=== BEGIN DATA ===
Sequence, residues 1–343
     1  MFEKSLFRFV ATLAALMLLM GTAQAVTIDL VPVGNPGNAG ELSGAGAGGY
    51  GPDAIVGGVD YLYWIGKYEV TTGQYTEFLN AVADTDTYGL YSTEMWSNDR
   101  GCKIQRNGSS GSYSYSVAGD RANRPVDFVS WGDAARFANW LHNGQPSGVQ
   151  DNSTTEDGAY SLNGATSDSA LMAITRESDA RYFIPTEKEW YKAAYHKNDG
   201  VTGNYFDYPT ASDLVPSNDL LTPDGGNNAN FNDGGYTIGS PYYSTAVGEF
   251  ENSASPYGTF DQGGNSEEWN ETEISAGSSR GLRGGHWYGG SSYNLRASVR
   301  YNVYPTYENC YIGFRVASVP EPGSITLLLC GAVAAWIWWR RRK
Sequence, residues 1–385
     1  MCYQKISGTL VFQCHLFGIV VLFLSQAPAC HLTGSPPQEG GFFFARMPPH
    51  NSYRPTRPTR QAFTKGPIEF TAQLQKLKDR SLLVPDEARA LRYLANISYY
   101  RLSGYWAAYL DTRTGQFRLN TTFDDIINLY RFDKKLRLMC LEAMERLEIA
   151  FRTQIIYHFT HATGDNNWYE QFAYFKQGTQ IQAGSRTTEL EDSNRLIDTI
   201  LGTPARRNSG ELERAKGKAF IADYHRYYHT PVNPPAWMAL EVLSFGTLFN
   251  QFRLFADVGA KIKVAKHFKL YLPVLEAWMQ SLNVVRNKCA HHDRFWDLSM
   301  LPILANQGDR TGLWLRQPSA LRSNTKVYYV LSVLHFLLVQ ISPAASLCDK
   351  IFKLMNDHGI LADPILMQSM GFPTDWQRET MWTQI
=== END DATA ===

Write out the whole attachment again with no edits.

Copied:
Sequence, residues 1–343
     1  MFEKSLFRFV ATLAALMLLM GTAQAVTIDL VPVGNPGNAG ELSGAGAGGY
    51  GPDAIVGGVD YLYWIGKYEV TTGQYTEFLN AVADTDTYGL YSTEMWSNDR
   101  GCKIQRNGSS GSYSYSVAGD RANRPVDFVS WGDAARFANW LHNGQPSGVQ
   151  DNSTTEDGAY SLNGATSDSA LMAITRESDA RYFIPTEKEW YKAAYHKNDG
   201  VTGNYFDYPT ASDLVPSNDL LTPDGGNNAN FNDGGYTIGS PYYSTAVGEF
   251  ENSASPYGTF DQGGNSEEWN ETEISAGSSR GLRGGHWYGG SSYNLRASVR
   301  YNVYPTYENC YIGFRVASVP EPGSITLLLC GAVAAWIWWR RRK
Sequence, residues 1–385
     1  MCYQKISGTL VFQCHLFGIV VLFLSQAPAC HLTGSPPQEG GFFFARMPPH
    51  NSYRPTRPTR QAFTKGPIEF TAQLQKLKDR SLLVPDEARA LRYLANISYY
   101  RLSGYWAAYL DTRTGQFRLN TTFDDIINLY RFDKKLRLMC LEAMERLEIA
   151  FRTQIIYHFT HATGDNNWYE QFAYFKQGTQ IQAGSRTTEL EDSNRLIDTI
   201  LGTPARRNSG ELERAKGKAF IADYHRYYHT PVNPPAWMAL EVLSFGTLFN
   251  QFRLFADVGA KIKVAKHFKL YLPVLEAWMQ SLNVVRNKCA HHDRFWDLSM
   301  LPILANQGDR TGLWLRQPSA LRSNTKVYYV LSVLHFLLVQ ISPAASLCDK
   351  IFKLMNDHGI LADPILMQSM GFPTDWQRET MWTQI